Older drivers offered refresher class by AARP HOWARD COUNTY SENIORS

January 20, 1993|By Dolly Merritt | Dolly Merritt,Contributing Writer

Some of the 28 students who filled a classroom at the Florence Bain Senior Center last week were returning to a topic ** they hadn't studied in 50 years: how to drive a car.

But accident prevention and a chance to reduce their insurance premiums were motive enough to participate in the two-day class, sponsored by the center and the American Association of Retired Persons.

The course, "55 Alive," is so named because research indicates that physical changes and car accidents accelerate after drivers turn 55. The course costs $8.

"It's sort of a refresher course," said Frank Van Order, a 72-year-old volunteer instructor who retired as principal at Running Brook Elementary School in 1982. He has been teaching the program for two years to various church groups and at senior centers throughout Maryland.

"The program consists of classroom things [about driving] like traffic rules that most people already know, but [many] could benefit from an update on the information," he said.

The class also addresses physical changes that affect the older driver, accident prevention, interacting with traffic and adverse driving conditions. About 45 million drivers -- 30 percent of all those on the nation's roads -- are 50 or older, according to the AARP. That figure will increase significantly by 2000.

"If we are basically in good health, we feel that we are OK and changes can be very gradual," Mr. Van Order said.

Many older drivers are confronted with physical problems that can impair their ability, Mr. Van Order said. Diminishing night vision, limited peripheral vision, slowed reflexes, loss of concentration and fatigue are among them. A National Safety Council report says such impairments mean that drivers who are 55 or older have more accidents per miles driven than middle-age drivers. The class emphasizes how to improve driving ability when physical changes take place.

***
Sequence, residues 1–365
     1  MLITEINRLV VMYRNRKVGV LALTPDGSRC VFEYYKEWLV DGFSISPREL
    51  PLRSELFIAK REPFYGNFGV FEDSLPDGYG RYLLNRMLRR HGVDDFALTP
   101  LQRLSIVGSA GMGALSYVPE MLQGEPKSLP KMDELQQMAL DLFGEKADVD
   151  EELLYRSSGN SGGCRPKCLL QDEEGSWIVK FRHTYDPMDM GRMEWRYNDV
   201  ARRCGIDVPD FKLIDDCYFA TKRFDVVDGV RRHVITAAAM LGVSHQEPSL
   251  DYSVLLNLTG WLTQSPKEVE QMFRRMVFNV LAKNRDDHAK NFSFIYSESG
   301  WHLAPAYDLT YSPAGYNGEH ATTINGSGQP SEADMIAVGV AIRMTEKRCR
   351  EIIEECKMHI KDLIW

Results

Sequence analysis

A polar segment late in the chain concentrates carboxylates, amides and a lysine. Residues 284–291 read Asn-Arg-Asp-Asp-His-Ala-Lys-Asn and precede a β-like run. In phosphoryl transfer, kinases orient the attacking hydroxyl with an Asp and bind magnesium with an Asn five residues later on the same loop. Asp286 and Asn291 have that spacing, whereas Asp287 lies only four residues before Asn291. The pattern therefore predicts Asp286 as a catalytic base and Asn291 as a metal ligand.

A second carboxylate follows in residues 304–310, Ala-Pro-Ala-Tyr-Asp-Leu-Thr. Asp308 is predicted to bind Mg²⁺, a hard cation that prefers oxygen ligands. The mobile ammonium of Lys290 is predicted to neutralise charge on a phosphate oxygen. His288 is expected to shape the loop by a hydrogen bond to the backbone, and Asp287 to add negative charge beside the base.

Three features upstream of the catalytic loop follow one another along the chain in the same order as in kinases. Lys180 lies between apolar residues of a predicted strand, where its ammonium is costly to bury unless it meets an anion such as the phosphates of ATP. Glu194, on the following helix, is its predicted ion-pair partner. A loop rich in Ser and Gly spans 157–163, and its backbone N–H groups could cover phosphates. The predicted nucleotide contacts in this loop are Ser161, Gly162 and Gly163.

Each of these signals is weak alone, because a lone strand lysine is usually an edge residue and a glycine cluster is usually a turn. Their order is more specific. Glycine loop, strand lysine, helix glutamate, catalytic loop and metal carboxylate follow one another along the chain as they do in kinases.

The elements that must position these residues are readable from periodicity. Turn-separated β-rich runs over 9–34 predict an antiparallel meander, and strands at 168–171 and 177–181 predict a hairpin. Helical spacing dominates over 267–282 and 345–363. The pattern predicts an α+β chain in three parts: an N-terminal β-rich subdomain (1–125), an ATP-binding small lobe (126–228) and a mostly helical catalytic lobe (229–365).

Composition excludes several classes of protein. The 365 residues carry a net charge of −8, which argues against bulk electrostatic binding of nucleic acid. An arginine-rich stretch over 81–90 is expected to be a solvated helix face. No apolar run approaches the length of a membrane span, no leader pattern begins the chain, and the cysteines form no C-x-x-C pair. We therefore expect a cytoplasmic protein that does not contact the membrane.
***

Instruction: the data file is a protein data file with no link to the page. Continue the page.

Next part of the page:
Older drivers are advised to:

* Have periodic vision examinations, allowing an adjustment period to get used to new glasses.

* Check glasses periodically to be sure lenses and frames are properly adjusted.

* Keep contact lenses clean.

* Avoid eyeglass frames with wide heavy side pieces that restrict side vision.

* Keep headlights, taillights and turn signals clean and adjusted; windshields and rear windows should be clean.

* Wear good quality sunglasses.

* Use rearview and outside mirrors often and be aware of blind spots.

* Practice frequent head and eye movement to reduce fatigue on long trips.

* Avoid driving at dawn or dusk when it is most difficult to see.

Mr. Van Order said older drivers generally do not commit such traffic offenses as speeding, drunken driving or reckless driving. Most problems result from situations that require quick response, full vision and interaction with other drivers. Common violations are failure to yield right-of-way and improper turning.

Through discussion and a workbook, 55 Alive students become aware of such problems and learn to adapt. When students complete the program, they receive certificates from the AARP that may help them receive a discount on their auto insurance premium.

Ferne Collins, an "over 66" resident of Columbia, joined the class for two reasons. "I get 10 percent off of my insurance," she said, adding that she wanted to learn about changes since she took driving lessons.

The classes provided more though, she said. "I hadn't thought much about peripheral vision, and I will check on that," she said. She feels a bit more comfortable as a mature driver now.

"I learned that drivers over 55 are not that bad; we want to learn more so we can continue to be good drivers," she said.


* Have regular medical checkups.

* Avoid driving in stressful traffic situations.

* Drive in familiar areas.

* Keep a sufficient distance from the car ahead.

* Concentrate on the whole traffic scene.

* Don't drive when emotionally upset.

* Take medication in prescribed amounts and at specified intervals; keep medication readily available.

* Avoid driving after surgery until medically cleared.

* Avoid prolonged hours of driving.

* Don't drive when not feeling well.

* Have a passenger accompany you to help navigate.

Source: American Association of Retired Persons

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